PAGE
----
Last updated: March 22. 2014 1:29PM - 780 Views

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G. Sam Piatt

With spring 2014 just a day old, I inserted my hearing aids and sneaked up into some turkey woods to determine if there was any gobbling and clucking commencing as yet.

I made sure they were tightly fitted in my ears as I recalled a turkey season one spring several years ago when I lost one of these costly items. I was making some hen calls on my box caller and listening for a response from an old gobbler when I decided to remove one hearing aid and lay it in my lap. I didn’t want to take a chance on busting an eardrum if I had to quickly fire that 12 gauge.

I was down in the hollow climbing into my truck to leave when I remembered the hearing aid. I went back immediately, but couldn’t find it.

I did find it the next day, destroyed. It had several big tooth marks on it. I theorized it had been chomped down on and spit out by some animal. I blamed it on a coyote. I had spotted them in these woods before.

But back to this year’s turkey seasons, which will open next month in Kentucky, Ohio and West Virginia. They ARE a big bird, the wild turkeys of these woods. Before I went into the privately-owned woodlands, the landowner got my attention when he told me of an old tom turkey living on the farm last winter that was so big you could see where his beard dragged through the snow.

As the season approaches, people driving rural roads sometimes see large flocks of wild turkeys along the roadways and come to the conclusion that taking one of them would be as easy as walking into a farmer’s barnyard and shooting a chicken.


Successful turkey hunters usually rise before dawn and make their way into the wild bird’s realm. You might be required to crawl through deep hollows filled with deadfalls or climb steep ridges.

The old longbeards are a little less wary during the mating season, but they possess keen eyesight and hearing and if things don’t appear quiet right to them, they’re not going to present the hunter with a shot.

“Make no mistake, a wild turkey gobbler, especially one that’s three years old or older, is a sharp bird, and a hunter has to be sharp to have any real chance of harvesting him.” That’s Harold Knight talking, quoted in “Ultimate Turkey Hunting’ (1993, Atlantic Publishing Co., Tabor City, NC 28463), a book he and David Hale put together with the aid of outdoor writer Wade. L. Bourne.

Harold and David, from Trigg County, Ky., founded the Knight & Hale Game Call Co. in 1972, and have designed and sold their turkey calls to hunters nationwide.

Good turkey hunters are dedicated to their sport and know they have to pay a price if they hope to leave the woods headed for a check station with a 24-pound gobbler slung over their shoulder.


I’ve had enough failures and frustrations during my years of hunting gobblers that I’ve learned some things. First and foremost is the importance of camouflage.

We’re not talking about a jacket or a hat, but a good camouflage outfit from head to foot, including a mask that drops from the hat to cover the face, and gloves.

Light glinting off a shotgun barrel can be enough to put him on the run and the next thing you’ll see is him gliding off the hill and away down into a hollow. You can buy camouflage sleeves that fit over a gun, or camouflage tape to wrap it in.


Whether using a mouth, slate or box call, you have to learn to imitate the various calls of a turkey hen, which can be learned from an instruction tape. You have to know cadence and tones and how to employ the subtle persuasions that a hen uses to sweet talk a gobbler. You should know when to call loud or low, and when to not call at all.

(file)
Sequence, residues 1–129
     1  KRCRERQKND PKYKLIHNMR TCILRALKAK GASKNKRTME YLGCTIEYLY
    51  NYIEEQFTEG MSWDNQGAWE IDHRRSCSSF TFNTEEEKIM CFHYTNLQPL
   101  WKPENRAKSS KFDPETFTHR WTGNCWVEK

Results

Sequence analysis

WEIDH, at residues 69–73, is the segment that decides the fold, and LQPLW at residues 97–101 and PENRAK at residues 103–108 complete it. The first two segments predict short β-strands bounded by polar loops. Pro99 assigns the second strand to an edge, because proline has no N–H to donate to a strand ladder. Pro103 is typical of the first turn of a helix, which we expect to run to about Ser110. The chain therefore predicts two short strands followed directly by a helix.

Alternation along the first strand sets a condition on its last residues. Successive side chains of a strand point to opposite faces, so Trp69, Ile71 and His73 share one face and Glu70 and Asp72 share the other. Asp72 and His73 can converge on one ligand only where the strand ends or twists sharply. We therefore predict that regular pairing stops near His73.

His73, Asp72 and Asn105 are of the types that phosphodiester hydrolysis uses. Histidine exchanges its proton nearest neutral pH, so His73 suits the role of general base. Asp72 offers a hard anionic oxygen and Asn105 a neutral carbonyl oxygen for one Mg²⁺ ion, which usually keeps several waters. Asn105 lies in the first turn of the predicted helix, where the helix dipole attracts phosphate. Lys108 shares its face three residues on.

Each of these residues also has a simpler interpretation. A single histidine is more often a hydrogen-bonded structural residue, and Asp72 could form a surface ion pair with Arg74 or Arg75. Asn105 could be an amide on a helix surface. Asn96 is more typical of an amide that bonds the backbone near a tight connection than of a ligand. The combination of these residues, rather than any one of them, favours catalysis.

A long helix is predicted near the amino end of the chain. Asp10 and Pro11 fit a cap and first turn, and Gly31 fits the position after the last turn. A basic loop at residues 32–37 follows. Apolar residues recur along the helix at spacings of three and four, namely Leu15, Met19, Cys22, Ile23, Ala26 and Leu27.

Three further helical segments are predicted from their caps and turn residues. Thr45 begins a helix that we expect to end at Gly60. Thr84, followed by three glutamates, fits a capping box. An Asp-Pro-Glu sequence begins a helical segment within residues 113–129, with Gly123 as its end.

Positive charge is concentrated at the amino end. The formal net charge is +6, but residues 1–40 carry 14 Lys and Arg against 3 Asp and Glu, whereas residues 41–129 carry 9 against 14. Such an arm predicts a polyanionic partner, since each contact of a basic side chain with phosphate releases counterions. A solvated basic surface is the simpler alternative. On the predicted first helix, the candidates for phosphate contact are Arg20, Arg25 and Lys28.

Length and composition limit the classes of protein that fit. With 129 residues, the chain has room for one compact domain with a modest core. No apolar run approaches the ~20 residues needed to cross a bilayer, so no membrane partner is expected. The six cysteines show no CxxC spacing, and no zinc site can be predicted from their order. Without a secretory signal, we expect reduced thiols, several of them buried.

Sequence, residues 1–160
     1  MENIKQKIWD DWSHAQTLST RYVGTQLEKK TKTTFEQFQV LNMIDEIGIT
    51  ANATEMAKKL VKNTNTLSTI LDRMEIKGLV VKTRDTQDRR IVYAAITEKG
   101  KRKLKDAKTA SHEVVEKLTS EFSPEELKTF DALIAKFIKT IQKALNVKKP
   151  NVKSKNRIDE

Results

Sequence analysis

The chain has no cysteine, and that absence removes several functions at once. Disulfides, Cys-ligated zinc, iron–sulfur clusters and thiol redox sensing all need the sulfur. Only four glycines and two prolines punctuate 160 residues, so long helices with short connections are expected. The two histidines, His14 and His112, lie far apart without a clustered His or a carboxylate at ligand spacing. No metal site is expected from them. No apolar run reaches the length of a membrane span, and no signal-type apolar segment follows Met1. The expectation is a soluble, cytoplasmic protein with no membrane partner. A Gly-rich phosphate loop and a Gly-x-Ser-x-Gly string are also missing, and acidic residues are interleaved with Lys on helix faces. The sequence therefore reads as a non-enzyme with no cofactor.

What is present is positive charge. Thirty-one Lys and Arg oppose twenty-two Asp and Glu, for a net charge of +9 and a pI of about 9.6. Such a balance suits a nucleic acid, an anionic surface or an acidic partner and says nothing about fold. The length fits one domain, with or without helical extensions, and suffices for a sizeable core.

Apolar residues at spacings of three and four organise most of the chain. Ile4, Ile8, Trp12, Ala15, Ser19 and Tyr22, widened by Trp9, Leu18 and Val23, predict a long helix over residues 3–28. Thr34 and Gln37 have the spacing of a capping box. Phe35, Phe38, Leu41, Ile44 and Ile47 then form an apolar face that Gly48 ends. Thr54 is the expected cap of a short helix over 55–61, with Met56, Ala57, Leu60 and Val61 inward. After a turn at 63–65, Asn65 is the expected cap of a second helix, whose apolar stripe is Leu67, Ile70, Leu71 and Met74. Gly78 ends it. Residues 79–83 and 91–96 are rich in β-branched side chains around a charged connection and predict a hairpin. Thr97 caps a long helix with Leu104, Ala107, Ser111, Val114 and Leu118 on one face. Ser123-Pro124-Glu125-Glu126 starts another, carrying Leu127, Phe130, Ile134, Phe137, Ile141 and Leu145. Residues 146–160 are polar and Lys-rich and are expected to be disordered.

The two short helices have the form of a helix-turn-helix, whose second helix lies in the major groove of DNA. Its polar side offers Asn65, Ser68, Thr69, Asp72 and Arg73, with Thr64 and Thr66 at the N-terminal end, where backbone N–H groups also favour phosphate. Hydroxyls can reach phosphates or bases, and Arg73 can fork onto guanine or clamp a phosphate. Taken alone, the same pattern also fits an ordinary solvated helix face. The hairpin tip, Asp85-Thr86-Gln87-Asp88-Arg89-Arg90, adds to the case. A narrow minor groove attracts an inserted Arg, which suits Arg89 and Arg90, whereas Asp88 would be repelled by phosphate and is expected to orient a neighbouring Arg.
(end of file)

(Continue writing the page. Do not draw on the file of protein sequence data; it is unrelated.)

It’s exciting when you make a few yelp, yelp, yelps on your call and you hear that ol’ gobbler answer out there in the trees. You call again and the next time he gobbles he’s much closer. You know he’s interested, you’re “working” him, and that’s when your adrenaline starts pumping.

Some days they may refuse to come to the call. That’s when you might wind up crawling up a draw on your belly like an Indian in hopes of an ambush, or digging around in the leaves with your hand to make the sound of turkeys feeding on acorns.

If you’re camouflaged well enough and sit still enough, usually with your back against a tree, you might harvest a tom without a call – simply waiting long enough for one to move within shotgun range (usually 35 yards or less).


A 12-gauge shotgun with No. 4 shot will do the job in bringing down your gobbler. For real efficiency, though, you might want something more powerful. The increasing popularity of the sport brought Mossberg to come up with the 835 Ulti-Mag, which shoots 31/2-inch magnum shells. They give you more velocity than the 3-inch shells and fire a denser pattern with more energy, increasing your chance of a clean kill even at 40 to 45 yards.

Whatever gun you have, it should be light to carry and have a shoulder strap.


It goes without saying that, since you’re out there in the deep woods, camouflaged from top to bottom and making sounds like a hen turkey, and there are other hunters in the woods, some of them new to the sport, safety is a main concern for all turkey hunters. It seems a few unlucky turkey hunters wind up getting themselves shot every year.

The National Wild Turkey Federation has developed a code of ethics for turkey hunters and turkey identification materials

“Safety boils down to one main problem, target identification,” said David Hale. “If a hunter holds his fire until he’s absolutely sure he’s shooting at a gobbler – clearly identifies the bird and sees his beard – then he won’t cause an accident.”

G. SAM PIATT can be reached at (606) 932-3619 or Gsamwriter@aol.com.

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